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Relieving stress through breathing

Has anyone ever told you to “take a deep breath” when you were feeling overwhelmed or stressed? Or have you ever felt a sense of relief after just taking a deep breath?

Deep breathing is one of the best ways to lower stress in the body. This is because when you breathe deeply, it sends a message to your brain to calm down and relax. The brain then sends this message to your body. Those things that happen when you are stressed, such as increased heart rate, fast breathing, and high blood pressure, all decrease as you breathe deeply to relax.

Opposite of that, improper breathing can contribute to anxiety, panic attacks, fatigue, and other physical and emotional disturbances.

Very Well Mind and Sheryl Ankrom, MS, LCPC recommend these 8 Deep Breathing Exercises to Reduce Anxiety.

Alternate-Nostril Breathing

  • Position your right hand by bending your pointer and middle fingers into your palm, leaving your thumb, ring finger, and pinky extended. This is known as Vishnu mudra in yoga.

  • Close your eyes or softly gaze downward.

  • Inhale and exhale to begin.

  • Close off your right nostril with your thumb.

  • Inhale through your left nostril.

  • Close off your left nostril with your ring finger.

  • Open and exhale through your right nostril.

  • Inhale through your right nostril.

  • Close off your right nostril with your thumb.

  • Open and exhale through your left nostril.

  • Inhale through your left nostril.

Do your best to work up to 10 rounds of this breathing pattern. If you begin to feel lightheaded, take a break. Release both nostrils and breathe normally.

Belly Breathing

  • Place one hand on your upper chest and the other hand on your belly, below the ribcage.

  • Allow your belly to relax, without forcing it inward by squeezing or clenching your muscles.

  • Breathe in slowly through your nose. The air should move into your nose and downward so that you feel your stomach rise with your other hand and fall inward (toward your spine).

  • Exhale slowly through slightly pursed lips. Take note of the hand on your chest, which should remain relatively still.

Box Breathing

  • Exhale to a count of four.

  • Hold your lungs empty for a four-count.

  • Inhale to a count of four.

  • Hold the air in your lungs for a count of four.

  • Exhale and begin the pattern anew.

4-7-8 Breathing

  • Place and keep the tip of your tongue against the ridge of tissue behind your upper front teeth for the duration of the exercise.

  • Completely exhale through your mouth, making a whoosh sound.

  • Close your mouth and inhale quietly through your nose to a mental count of four.

  • Hold your breath for a count of seven.

  • Exhale completely through your mouth, making a whoosh sound to a count of eight.

Lion’s Breath

The exercise is best performed in a comfortable, seated position, leaning forward slightly with your hands on your knees or the floor.

  • Spread your fingers as wide as possible.

  • Inhale through your nose.

  • Open your mouth wide, stick out your tongue, and stretch it down toward your chin.

  • Exhale forcefully, carrying the breath across the root of your tongue.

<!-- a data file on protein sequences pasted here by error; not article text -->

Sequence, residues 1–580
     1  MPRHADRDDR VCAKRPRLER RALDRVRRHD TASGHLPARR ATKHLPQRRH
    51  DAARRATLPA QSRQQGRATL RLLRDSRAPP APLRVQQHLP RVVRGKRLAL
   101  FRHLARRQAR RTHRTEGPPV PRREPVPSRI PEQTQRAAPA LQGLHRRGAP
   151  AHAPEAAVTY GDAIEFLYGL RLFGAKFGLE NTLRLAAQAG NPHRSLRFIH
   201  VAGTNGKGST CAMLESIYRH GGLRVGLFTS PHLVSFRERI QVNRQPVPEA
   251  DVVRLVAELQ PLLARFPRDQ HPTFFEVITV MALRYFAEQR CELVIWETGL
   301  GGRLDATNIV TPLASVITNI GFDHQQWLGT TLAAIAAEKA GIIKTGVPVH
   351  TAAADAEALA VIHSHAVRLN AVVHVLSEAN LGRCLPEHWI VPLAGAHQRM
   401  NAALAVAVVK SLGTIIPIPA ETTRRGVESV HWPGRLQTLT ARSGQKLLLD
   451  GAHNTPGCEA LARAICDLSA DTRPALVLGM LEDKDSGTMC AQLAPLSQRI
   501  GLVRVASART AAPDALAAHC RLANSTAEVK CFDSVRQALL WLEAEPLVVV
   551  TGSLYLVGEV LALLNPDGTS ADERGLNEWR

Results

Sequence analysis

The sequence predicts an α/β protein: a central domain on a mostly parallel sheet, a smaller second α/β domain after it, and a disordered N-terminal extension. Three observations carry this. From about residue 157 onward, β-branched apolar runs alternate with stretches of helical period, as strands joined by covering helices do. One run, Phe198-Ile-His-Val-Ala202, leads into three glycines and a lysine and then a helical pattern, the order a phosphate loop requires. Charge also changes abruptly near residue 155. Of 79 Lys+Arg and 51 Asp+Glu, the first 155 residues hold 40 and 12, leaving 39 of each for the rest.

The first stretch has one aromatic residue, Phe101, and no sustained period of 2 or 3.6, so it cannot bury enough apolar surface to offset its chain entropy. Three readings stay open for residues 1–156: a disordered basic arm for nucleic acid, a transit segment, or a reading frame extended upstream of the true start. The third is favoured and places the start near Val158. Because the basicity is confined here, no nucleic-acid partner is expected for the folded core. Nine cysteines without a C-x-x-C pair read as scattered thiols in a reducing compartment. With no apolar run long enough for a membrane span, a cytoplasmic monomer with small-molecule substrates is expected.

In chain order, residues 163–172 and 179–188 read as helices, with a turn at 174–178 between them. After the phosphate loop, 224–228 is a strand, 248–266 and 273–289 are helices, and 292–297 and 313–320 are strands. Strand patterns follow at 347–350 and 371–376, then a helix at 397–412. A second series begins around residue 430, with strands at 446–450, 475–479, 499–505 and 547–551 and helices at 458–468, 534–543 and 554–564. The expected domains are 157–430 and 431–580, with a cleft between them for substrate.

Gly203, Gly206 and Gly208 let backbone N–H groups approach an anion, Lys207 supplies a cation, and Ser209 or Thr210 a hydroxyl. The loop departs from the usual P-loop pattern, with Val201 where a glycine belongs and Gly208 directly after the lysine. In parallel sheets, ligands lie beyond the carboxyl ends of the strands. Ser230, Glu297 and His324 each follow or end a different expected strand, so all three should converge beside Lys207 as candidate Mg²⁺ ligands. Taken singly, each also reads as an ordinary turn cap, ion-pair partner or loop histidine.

• While exhaling, make a “ha” sound that comes from deep within your abdomen.

  • Breathe normally for a few moments.

  • Repeat lion’s breath up to seven times.

Mindful Breathing

Mindfulness meditation involves focusing on your breathing and bringing your attention to the present without allowing your mind to drift off to the past or future.

  • Choose a calming focus, including a sound ("om"), positive word ("peace"), or phrase ("breathe in calm, breath out tension") to repeat silently as you inhale or exhale.

  • Let go and relax. When you notice your mind has drifted, take a deep breath and gently return your attention to the present.

Pursed-Lip Breathing

  • Sit in a comfortable position, with your neck and shoulders relaxed.

  • Keeping your mouth closed, inhale slowly through your nostrils for two seconds.

  • Exhale through your mouth for four seconds, puckering your mouth as if giving a kiss.

  • Keep your breath slow and steady while breathing out.

Resonance Breathing

  • Lie down and close your eyes.

  • Gently breathe in through your nose, mouth closed, for a count of six seconds. Don't fill your lungs too full of air.

  • Exhale for six seconds, allowing your breath to leave your body slowly and gently without forcing it.

  • Continue for up to 10 minutes.

  • Take a few additional minutes to be still and focus on how your body feels.

Simple Breathing Exercise

You can perform this exercise as often as needed. It can be done standing up, sitting down, or lying down. If you find this exercise difficult or believe it's making you anxious or panicky, stop for now. Try it again in a day or so and build up the time gradually.

  • Inhale slowly and deeply through your nose. Keep your shoulders relaxed. Your abdomen should expand, and your chest should rise very little.

  • Exhale slowly through your mouth. As you blow air out, purse your lips slightly, but keep your jaw relaxed. You may hear a soft “whooshing” sound as you exhale.

Repeat this breathing exercise. Do it for several minutes until you start to feel better.

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